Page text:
The top defense policy Republican in the Senate threatened Thursday to introduce legislation that would attempt to block part of the Pentagon’s initiative to lift the ban on women in combat after the changes were officially announced.
“If necessary, we will be able to introduce legislation to stop any changes we believe to be detrimental to our fighting forces and capabilities,” Sen. James M. Inhofe, R-Okla., ranking Republican on the Armed Services Committee, said in a written statement. “I suspect there will be cases where legislation becomes necessary.”
The Senate is dominated by Democrats, virtually assuring the historic changes ordered by the Pentagon will be implemented over time. But Inhofe’s statement reflects the views of a segment — though not all — of the GOP that objects to some of the social changes being made in the military.
Notably, Sen. John McCain of Arizona, who just stepped down as the ranking Republican on the Armed Services panel, welcomed the move.
“I respect and support Secretary [Leon E.] Panetta’s decision to lift the ban on women serving in combat,” he said in a written statement late Wednesday. “As this new rule is implemented, it is critical that we maintain the same high standards that have made the American military the most feared and admired fighting force in the world — particularly the rigorous physical standards for our elite special forces units.”
Lifting the combat ban opens up more opportunities for advancement and earnings for female service members, which could significantly alter the male-dominated military culture. Currently, there is only one four-star female military officer.
Defense Secretary Panetta and Army Gen. Martin E. Dempsey, in announcing their intentions to lift the ban on women serving in combat roles, said Thursday that women make up 15 percent of the total forces or about 200,000.
“They’re serving in a growing number of critical roles on and off the battlefield,” Panetta said. “The fact is that they have become an integral part of our ability to perform our mission.”
The Pentagon must notify the defense policy panels no less than 30 days before such a change is made. That leaves Congress with a small window of time to try to block the changes.
The decision announced by Panetta and Dempsey has grown out of shifting wartime dynamics that have already seen many women on the front lines. In Iraq and Afghanistan, 152 women in uniform have died, and more than 800 have been wounded.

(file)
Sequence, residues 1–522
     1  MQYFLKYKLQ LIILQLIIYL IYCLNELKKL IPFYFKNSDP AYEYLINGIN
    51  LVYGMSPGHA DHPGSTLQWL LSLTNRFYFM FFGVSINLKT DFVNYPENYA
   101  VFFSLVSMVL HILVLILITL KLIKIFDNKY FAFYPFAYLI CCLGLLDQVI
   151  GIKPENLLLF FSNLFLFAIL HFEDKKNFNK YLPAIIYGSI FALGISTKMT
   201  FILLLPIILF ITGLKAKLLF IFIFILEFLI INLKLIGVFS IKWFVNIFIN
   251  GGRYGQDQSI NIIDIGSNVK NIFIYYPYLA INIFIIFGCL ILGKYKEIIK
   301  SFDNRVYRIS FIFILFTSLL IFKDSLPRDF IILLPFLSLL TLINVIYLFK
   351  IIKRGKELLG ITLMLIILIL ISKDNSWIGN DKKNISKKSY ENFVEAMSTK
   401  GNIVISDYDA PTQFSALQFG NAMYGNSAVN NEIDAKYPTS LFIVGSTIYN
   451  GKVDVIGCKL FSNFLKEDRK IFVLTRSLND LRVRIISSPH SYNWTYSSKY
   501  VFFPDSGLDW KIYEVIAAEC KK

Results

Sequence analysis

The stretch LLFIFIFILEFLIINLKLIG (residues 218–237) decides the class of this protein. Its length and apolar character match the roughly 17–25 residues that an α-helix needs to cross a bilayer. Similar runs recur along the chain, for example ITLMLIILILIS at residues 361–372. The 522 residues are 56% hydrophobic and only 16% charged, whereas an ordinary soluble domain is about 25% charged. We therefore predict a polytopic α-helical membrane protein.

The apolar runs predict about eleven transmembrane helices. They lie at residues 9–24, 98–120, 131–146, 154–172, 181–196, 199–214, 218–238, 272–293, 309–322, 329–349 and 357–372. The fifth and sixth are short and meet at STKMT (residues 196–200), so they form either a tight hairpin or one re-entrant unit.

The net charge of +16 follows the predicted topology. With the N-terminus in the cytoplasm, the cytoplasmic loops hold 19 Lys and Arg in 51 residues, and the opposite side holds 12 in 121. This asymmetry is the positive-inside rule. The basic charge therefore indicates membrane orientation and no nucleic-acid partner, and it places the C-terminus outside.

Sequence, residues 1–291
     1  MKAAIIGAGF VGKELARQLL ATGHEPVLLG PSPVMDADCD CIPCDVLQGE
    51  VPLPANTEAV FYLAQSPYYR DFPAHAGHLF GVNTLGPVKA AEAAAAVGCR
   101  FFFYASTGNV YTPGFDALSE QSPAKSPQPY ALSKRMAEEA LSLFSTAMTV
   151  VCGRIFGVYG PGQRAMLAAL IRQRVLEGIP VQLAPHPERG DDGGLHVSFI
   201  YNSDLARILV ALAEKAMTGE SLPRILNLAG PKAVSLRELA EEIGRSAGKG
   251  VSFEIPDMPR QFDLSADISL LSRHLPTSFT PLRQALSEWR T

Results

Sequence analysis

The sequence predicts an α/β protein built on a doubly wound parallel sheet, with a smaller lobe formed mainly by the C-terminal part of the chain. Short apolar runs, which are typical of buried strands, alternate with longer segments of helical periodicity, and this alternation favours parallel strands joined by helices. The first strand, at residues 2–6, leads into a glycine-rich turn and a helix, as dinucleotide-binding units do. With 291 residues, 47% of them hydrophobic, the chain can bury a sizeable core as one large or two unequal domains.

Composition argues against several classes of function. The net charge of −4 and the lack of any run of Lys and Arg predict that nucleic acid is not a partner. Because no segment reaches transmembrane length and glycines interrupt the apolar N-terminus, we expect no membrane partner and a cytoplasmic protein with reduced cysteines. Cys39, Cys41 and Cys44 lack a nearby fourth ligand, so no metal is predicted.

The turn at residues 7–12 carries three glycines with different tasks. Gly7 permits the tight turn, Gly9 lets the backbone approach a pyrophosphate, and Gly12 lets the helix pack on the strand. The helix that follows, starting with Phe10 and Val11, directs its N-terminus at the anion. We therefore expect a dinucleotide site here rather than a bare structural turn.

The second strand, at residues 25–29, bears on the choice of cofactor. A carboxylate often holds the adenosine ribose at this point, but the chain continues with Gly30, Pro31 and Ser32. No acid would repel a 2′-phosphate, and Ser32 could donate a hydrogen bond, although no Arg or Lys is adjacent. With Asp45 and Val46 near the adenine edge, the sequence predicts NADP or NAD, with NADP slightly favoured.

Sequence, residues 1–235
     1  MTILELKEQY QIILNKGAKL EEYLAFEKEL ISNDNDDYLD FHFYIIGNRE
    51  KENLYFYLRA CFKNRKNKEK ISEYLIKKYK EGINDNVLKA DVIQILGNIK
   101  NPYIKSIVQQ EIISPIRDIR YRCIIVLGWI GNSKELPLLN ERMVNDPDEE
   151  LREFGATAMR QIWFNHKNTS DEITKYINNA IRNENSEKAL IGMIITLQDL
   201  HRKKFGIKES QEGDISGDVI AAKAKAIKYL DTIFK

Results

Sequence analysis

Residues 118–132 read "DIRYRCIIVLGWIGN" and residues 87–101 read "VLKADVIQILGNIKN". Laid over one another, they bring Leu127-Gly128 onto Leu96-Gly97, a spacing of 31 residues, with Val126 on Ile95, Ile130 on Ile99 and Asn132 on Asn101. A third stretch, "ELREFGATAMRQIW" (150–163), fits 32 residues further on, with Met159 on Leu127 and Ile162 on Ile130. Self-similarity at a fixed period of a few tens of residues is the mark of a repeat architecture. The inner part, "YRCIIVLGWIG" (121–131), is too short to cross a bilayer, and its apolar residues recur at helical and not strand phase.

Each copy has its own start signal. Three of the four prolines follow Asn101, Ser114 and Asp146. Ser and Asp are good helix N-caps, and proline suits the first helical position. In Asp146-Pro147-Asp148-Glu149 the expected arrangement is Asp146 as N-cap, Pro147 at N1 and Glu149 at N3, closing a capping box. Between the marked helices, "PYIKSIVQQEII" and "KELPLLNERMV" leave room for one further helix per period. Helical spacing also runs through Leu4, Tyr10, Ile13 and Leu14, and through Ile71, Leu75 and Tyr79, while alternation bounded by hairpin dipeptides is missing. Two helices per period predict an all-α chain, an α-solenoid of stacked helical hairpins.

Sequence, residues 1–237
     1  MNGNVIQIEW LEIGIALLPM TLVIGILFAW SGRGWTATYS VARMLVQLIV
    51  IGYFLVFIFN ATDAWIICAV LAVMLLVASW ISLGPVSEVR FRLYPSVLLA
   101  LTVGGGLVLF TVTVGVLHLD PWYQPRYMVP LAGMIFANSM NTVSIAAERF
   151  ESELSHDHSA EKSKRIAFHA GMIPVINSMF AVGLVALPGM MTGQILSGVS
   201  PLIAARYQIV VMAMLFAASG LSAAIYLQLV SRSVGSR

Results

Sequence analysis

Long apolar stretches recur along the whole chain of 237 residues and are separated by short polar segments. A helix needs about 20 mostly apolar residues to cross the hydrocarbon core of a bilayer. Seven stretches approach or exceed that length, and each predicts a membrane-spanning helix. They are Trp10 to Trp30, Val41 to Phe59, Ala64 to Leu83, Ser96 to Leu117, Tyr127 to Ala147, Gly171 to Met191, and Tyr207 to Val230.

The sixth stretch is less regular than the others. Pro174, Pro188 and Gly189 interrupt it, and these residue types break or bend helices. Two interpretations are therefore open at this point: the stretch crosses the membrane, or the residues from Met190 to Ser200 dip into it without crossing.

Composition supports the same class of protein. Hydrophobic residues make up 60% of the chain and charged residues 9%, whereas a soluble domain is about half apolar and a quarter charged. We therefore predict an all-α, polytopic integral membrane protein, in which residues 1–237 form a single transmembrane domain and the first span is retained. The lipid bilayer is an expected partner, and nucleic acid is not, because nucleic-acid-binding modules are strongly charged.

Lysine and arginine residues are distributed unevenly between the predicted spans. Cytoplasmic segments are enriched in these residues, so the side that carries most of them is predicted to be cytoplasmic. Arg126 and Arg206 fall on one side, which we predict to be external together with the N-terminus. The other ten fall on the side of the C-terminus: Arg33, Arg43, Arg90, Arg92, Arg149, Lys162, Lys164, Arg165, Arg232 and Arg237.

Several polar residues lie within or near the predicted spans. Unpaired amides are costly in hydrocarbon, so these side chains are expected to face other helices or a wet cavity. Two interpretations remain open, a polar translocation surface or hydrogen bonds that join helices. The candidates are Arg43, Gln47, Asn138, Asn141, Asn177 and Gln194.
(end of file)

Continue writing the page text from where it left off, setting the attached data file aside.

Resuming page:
“Female servicemembers have faced the reality of combat, proven their willingness to fight and, yes, to die to defend their fellow Americans,” Panetta said.
But citing some of the same reasons he presented in opposing the repeal of the ban on gays and lesbians serving openly in the military, Inhofe said he is concerned about making changes that might disrupt the force.
“Because that policy has worked so well for so long, I am concerned about the potential impacts of completely ending this policy,” Inhofe said.
He noted that while the Pentagon has rescinded the 1994 direct-combat definition and assignment rule, not all of the 237,000 positions previously closed to women will now be automatically open to women.
“Instead, the military services, under Secretary Panetta’s direction, will conduct a review of all unit and specialty positions to be completed no later than 2016,” Inhofe said.
Indeed, the Pentagon in a statement said Panetta directed the military departments to submit detailed plans by May 15 for the implementation of this change. This process will be completed by Jan. 1, 2016.
But Panetta said that changes made in 2012 that opened more than 14,000 new positions to women, including positions collocated with ground combat units and in some combat units below the battalion level, have reaped positive outcomes and affirm the need for change.
Panetta said he had no intention of lowering standards or qualifications in any way. Under law (PL 103-160), occupational performance standards must be gender-neutral, the Pentagon said.
“If they can meet the qualifications for the job, then they should have the right to serve, regardless of creed or color or gender or sexual orientation,” Panetta said.
Loretta Sanchez, D-Calif., a senior member of the House Armed Services Committee, lauded the decision and noted that the military timeline for the changes was “ambitious.”
“Congress is here to help where we can,” she said in a statement. “Ultimately, it is the sacrifice and dedication of the service women that has brought about this historic change.”
In a written statement, President Barack Obama praised the Pentagon’s decision.
“As commander in chief, I am absolutely confident that — as with the repeal of ‘Don’t Ask Don’t Tell’ — the professionalism of our armed forces will ensure a smooth transition and keep our military the very best in the world,” he said.
The decision has the unanimous support of the Joint Chiefs of Staff.
Vice President Joe Biden waits to conduct a mock swearing-in ceremony with Sen. Brian Schatz, D-Hawaii, in the Capitol's Old Senate Chamber, December 2, 2014. Schatz was sworn in to serve the remainder of his term since he was appointed to the seat after Sen. Daniel Inouye, D-Hawaii, passed away.